The success of the industrial revolution was the result of making things the same. The success of the Japanese auto market was the result of not just making things the same, but making them exactly the same. Anybody who has studied the works of W. Edwards Deming knows that the key to Six Sigma quality starts with making things exactly the same with no variation. Any golfer, dart player, pool player or marksman also knows that precision is necessary before accuracy can be achieved.
The world of encryption and key management is no different.
The transmission control protocol (TCP) and Internet protocol (IP) are just the tip of the iceberg for making the Internet compatible and predictable. Without those standards, our ability to have our phones, televisions, computers, servers, cars, space stations and social networks communicate together would just be a dream. They would work about as well together as metric wrenches and standard bolts.
Encryption Standards Enhance Data Protection
To that extent, without standards such as the Advanced Encryption Standard (AES), Transport Layer Security (TLS) and a host of others, we would be creating security in a vacuum, with no external validation, no interoperability, no conformance, no public review and no hope for security.
Fortunately, we have those standards. We are working together to improve those standards as well as introduce new ones, and we are a better, more secure industry as a result of our efforts.
The Key Management Interoperability Protocol (KMIP) is one of the newer security standards and focuses on the exchange of encryption keys between devices. The standard is maintained by the Organization for the Advancement of Structured Information Standards (OASIS). IBM continues to promote it and participate in the expansion and adoption of the KMIP standard.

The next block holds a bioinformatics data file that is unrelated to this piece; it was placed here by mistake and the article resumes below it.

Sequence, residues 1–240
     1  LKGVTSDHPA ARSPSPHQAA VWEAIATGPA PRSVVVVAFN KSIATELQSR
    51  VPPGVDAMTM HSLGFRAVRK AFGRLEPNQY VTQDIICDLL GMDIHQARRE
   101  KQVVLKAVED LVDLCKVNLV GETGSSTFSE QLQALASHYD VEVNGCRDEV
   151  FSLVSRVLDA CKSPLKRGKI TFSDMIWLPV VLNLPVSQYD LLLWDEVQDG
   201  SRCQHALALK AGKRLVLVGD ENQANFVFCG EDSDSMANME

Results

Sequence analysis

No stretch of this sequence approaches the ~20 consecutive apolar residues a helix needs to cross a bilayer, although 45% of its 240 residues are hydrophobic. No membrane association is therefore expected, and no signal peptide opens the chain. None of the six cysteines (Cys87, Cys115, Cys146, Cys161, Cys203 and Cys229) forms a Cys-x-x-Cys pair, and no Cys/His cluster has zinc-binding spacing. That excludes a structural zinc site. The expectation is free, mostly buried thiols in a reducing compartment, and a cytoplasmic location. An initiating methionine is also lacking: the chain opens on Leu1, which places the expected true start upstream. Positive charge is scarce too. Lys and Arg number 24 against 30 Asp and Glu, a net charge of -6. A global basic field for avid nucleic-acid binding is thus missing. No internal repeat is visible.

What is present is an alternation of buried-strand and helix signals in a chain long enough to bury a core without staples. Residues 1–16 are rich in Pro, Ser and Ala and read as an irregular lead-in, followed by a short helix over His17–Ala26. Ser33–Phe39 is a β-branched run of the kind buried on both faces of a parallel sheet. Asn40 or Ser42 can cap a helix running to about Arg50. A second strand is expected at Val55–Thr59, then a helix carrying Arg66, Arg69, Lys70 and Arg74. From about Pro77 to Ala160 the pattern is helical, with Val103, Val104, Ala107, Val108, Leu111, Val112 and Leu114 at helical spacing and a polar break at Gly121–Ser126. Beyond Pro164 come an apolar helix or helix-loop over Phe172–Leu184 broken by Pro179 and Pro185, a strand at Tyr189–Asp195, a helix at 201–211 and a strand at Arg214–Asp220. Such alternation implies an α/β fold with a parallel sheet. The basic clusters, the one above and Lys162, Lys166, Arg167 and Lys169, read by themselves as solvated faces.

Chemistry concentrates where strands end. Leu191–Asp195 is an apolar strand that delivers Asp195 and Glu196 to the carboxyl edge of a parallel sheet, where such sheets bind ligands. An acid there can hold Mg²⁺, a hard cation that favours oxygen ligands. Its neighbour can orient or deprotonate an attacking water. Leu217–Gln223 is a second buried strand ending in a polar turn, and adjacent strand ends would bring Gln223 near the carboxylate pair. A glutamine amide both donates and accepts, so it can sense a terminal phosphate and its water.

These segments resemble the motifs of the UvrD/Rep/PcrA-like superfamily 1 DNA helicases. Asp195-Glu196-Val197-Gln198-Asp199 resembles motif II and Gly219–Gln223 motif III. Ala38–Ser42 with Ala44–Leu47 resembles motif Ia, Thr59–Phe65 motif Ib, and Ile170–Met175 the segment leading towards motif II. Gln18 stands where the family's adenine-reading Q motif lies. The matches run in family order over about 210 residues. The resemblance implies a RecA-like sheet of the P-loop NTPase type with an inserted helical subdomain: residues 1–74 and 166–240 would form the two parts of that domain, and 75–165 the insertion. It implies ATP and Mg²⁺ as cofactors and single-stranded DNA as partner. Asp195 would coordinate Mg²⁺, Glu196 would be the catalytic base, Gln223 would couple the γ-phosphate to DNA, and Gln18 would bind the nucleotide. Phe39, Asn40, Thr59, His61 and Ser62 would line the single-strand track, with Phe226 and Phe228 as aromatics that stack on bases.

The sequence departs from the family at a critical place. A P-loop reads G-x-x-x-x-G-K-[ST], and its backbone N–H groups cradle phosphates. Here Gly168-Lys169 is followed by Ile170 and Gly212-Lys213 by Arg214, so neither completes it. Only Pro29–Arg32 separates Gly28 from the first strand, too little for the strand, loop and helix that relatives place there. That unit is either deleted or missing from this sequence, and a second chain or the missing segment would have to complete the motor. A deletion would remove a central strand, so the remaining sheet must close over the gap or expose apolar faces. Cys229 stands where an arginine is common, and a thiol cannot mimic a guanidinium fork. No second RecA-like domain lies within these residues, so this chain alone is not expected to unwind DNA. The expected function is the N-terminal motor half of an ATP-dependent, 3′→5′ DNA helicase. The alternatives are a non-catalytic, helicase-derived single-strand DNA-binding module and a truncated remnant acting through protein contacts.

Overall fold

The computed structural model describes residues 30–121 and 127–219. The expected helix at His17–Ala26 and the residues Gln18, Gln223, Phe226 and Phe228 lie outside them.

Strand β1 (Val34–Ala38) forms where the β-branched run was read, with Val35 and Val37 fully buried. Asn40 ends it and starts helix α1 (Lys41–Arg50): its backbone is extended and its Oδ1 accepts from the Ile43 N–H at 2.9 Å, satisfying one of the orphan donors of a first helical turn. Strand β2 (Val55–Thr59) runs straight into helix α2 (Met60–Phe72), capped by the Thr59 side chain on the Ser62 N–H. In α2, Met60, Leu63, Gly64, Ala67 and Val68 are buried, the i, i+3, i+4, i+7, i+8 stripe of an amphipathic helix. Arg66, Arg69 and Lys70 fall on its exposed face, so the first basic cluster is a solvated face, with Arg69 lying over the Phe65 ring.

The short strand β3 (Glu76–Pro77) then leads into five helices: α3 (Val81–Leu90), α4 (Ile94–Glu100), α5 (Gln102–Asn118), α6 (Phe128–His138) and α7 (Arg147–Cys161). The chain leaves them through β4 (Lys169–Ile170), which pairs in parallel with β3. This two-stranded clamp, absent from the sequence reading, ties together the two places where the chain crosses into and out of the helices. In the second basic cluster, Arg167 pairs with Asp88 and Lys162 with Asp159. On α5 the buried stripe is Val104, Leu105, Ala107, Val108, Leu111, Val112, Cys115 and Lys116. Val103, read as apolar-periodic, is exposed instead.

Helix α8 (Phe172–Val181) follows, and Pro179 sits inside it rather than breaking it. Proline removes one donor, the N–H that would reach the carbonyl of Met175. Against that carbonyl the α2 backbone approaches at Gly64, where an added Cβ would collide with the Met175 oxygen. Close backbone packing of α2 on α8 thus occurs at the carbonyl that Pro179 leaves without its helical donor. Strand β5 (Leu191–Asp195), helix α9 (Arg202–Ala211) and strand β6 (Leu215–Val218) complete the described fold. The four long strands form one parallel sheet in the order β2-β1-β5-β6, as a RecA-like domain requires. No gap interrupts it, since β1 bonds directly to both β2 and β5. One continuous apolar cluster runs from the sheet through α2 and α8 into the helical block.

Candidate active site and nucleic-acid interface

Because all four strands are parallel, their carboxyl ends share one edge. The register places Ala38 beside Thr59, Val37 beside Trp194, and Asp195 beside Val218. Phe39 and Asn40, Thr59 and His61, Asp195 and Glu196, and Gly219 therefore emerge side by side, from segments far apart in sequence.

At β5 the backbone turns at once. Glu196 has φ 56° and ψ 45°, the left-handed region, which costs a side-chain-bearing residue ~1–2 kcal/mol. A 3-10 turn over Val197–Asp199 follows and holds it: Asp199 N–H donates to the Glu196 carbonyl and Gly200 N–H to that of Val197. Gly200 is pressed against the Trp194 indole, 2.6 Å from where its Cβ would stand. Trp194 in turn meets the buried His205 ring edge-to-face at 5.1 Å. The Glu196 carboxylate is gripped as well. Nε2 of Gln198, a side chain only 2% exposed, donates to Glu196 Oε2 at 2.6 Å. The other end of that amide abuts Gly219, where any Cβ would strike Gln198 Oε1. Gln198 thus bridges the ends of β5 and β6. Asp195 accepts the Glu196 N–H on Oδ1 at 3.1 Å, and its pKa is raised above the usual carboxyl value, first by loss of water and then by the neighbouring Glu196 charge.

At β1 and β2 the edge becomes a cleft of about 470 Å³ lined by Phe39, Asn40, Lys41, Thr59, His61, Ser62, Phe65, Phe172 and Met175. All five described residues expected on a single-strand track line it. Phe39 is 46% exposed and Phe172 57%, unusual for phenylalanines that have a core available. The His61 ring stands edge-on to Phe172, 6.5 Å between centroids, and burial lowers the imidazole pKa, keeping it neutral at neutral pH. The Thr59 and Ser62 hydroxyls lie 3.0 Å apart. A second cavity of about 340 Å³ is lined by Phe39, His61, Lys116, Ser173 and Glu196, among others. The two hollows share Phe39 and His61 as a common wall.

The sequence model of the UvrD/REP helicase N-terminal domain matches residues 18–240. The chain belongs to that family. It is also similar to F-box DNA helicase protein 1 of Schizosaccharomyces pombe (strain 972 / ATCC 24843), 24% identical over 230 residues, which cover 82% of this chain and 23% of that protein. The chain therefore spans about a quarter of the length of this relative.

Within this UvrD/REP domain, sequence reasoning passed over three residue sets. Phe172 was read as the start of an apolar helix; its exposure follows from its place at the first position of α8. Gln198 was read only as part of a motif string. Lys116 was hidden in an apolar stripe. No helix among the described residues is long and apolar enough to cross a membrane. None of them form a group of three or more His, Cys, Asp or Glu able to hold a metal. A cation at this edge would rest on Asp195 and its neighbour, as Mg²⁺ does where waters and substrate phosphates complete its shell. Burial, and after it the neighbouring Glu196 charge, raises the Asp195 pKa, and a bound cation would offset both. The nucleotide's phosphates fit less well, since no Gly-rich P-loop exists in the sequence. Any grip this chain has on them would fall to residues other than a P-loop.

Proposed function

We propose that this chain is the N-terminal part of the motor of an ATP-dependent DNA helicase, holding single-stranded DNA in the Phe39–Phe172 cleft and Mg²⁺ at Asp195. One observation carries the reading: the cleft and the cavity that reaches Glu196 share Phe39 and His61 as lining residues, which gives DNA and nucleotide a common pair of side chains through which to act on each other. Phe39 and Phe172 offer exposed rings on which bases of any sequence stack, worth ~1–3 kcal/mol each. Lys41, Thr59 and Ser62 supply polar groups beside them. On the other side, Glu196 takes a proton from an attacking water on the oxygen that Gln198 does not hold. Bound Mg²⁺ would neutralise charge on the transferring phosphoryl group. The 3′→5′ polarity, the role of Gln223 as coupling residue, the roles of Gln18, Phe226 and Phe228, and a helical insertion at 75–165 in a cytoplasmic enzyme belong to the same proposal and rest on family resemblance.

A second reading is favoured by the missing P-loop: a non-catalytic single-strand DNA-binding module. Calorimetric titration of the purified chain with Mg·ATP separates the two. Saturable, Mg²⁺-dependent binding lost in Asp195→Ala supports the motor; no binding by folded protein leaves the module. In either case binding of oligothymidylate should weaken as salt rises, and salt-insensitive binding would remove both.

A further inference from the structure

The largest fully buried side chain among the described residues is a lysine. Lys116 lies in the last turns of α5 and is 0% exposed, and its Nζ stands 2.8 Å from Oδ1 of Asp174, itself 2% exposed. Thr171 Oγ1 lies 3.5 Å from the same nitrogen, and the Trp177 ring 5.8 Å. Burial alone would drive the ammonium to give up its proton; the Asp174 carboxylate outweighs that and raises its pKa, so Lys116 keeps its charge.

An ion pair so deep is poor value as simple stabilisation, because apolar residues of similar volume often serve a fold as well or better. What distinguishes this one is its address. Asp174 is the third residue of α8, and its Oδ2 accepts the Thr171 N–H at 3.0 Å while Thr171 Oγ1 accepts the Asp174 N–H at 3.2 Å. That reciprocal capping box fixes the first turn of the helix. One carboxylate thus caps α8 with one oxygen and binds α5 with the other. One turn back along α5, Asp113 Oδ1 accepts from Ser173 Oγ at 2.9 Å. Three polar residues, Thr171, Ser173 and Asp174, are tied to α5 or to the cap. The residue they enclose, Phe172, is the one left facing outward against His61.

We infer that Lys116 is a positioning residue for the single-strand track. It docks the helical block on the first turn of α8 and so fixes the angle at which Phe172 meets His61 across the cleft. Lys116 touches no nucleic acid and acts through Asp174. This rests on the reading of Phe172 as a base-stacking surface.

Separately, the Storage Networking Industry Association Secure Storage Industry Forum (SNIA-SSIF) maintains a KMIP-conformance testing facility to provide independent validation of KMIP implementation.
A Major Milestone for SKLM and KMIP
Recently, the IBM Security Key Lifecycle Manager (SKLM) product passed the SNIA-SSIF’s rigid conformance testing program. Not only are companies such as IBM continuing to promote and adopt secure standards and protocols in their products, but by supporting these standards and advocating conformance testing, our industry becomes more aware of the standards and their availability in products. We all benefit from their value. This is good for customers, vendors and the security of all involved.
In order for the industry to continue to protect its data at rest, in motion, in use or wherever else it may reside, standards are as critical to security as consistency is to quality. W. Edwards Deming demanded consistency in his pursuit of quality, and we should demand the adoption and conformance to standards as a necessary component in our pursuit of data protection and security.